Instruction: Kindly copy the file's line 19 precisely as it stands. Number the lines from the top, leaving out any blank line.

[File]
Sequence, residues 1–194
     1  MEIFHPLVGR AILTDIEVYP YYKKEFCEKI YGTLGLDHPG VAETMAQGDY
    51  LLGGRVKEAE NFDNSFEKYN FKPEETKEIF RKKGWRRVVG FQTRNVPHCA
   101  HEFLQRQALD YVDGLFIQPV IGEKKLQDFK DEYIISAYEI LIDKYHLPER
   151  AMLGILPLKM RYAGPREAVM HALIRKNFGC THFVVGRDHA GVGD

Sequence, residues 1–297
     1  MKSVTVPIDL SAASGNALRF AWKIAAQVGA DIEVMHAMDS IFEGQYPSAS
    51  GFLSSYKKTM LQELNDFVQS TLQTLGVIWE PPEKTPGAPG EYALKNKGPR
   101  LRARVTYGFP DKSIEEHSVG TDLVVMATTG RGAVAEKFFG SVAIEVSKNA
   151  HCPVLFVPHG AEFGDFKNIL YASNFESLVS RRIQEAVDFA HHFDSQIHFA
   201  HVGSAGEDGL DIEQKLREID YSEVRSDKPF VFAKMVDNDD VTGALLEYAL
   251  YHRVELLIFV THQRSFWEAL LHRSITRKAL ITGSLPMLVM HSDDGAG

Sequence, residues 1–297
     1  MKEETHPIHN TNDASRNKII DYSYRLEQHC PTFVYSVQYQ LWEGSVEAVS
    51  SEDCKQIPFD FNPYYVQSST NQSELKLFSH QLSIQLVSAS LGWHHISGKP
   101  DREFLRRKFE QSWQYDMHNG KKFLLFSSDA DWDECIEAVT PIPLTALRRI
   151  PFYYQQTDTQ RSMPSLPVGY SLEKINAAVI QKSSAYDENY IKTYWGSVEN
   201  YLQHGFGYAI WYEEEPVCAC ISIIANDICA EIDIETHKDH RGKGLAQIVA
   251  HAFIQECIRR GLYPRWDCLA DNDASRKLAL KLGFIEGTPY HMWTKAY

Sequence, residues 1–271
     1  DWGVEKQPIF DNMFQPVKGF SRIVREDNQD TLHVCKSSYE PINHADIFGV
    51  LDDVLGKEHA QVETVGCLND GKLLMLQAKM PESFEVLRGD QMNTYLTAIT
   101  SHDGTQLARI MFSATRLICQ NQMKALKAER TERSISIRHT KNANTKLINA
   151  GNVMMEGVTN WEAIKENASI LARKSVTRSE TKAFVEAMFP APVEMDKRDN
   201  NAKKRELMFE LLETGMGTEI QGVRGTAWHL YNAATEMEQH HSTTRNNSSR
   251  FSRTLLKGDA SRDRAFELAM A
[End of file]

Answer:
   251  HAFIQECIRR GLYPRWDCLA DNDASRKLAL KLGFIEGTPY HMWTKAY